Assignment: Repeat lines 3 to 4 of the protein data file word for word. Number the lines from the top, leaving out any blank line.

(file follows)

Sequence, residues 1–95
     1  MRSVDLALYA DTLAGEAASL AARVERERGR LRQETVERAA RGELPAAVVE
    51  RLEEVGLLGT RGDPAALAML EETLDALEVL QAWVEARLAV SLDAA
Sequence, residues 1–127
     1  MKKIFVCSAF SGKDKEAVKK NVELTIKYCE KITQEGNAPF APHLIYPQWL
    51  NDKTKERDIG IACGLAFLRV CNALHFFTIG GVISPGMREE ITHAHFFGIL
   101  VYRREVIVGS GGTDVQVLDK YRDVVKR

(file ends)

    51  RLEEVGLLGT RGDPAALAML EETLDALEVL QAWVEARLAV SLDAA
Sequence, residues 1–127